The Arts

Life Sentence
A new podcast explores the ripple effects of a brutal 1986 murder

By Jack Brook '19 / January–March 2024
January 23rd, 2024
Image of Beth Schwartzapfel in front of a mic with her computer.
Professor Emeritus John Edgar Wideman speaks with Beth Schwartzapfel ’01—the first time he has spoken publicly about his son’s conviction.Photo:Robin Lubbock/WBUR

Beth Schwartzapfel ’01 taped much of her new podcast Violation over 15-minute phone calls with Jake Wideman, an Arizona prison inmate.

There are challenges to prison podcasting: no privacy, lots of background noise, and a robotic voice cutting in at sensitive moments reminding the audience there is “one minute left!” before the line goes dead. But Schwartzapfel was used to dealing with prison regulations in her near-decade as a journalist with the Marshall Project, an investigative outlet covering the criminal justice system. 

She endured the technical hassles because she wanted listeners to hear directly from Jake, a convicted murderer who was released in 2016 and sent back to prison for life less than a year later for allegedly violating his parole conditions. While Jake’s original crime is not in dispute, whether he has been treated fairly by the parole system—and what it says about our notions of justice and personal transformation—is the crux of the seven-part series coproduced with National Public Radio.

“A story like this really hinges on whether you think the speaker is credible or not,” Schwartzapfel says. “I think that giving people the opportunity to weigh that themselves means giving them the opportunity to hear him speak.”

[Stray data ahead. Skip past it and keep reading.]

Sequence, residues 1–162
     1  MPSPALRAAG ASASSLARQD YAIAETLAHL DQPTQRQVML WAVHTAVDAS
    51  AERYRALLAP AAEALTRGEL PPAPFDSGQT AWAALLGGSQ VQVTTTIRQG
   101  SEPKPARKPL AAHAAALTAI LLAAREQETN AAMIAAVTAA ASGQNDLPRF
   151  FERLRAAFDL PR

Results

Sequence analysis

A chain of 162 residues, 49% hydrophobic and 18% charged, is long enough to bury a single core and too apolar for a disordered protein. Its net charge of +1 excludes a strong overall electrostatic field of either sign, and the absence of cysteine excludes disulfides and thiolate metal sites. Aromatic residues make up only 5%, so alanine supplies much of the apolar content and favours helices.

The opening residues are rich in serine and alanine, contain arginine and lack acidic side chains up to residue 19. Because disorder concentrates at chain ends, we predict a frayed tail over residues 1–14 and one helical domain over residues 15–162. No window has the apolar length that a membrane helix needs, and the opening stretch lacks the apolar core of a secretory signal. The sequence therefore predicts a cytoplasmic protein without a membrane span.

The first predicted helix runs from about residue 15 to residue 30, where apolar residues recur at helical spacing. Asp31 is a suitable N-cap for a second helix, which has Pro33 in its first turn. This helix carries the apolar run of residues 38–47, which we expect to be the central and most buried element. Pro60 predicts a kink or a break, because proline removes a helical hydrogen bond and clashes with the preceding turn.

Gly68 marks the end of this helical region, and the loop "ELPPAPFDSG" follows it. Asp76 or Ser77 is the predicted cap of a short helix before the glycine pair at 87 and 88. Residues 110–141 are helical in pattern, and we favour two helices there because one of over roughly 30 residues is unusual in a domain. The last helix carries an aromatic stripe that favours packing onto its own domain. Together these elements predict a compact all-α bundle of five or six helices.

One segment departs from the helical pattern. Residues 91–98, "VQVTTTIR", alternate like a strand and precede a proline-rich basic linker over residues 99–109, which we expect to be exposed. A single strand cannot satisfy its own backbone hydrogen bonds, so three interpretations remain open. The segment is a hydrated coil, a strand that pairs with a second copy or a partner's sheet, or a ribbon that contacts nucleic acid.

The son of novelist and Brown Professor Emeritus of Africana studies and literary arts John Edgar Wideman, Jake was 16 in 1986 when he stabbed Eric Kane, a fellow teen lying asleep during a summer camp trip. By the time Jake was freed from prison, he believed he understood what led him to commit this seemingly inexplicable murder. Yet others, such as Kane’s parents, feel strongly that Jake will forever be a menace and has forfeited his right to live freely in society. 

Schwartzapfel, who concentrated in English and initially worked in healthcare, had been fascinated with criminal justice stories since administering vaccines inside a Rhode Island prison system in the early 2000s. After transitioning to journalism she has focused on the outsized influence of unelected parole boards on incarcerated peoples’ lives. During a report for the Washington Post, she met Jake’s lawyer, who later reached out after Jake was sent back to prison.

As Schwartzapfel worked on the years-long reporting project that became Violation, the parents of Eric Kane went to extreme measures to reincarcerate Jake, and the Arizona parole board followed their will even when it appeared to go against existing policies. Sensitive to the still-raw grief of the Kanes, Schwartzapfel says the story is important to tell because of its larger implications about the criminal justice system: “At the end of the day, we have to feel comfortable that the system is doing what we want it to do, because it is doing it on our behalf.”

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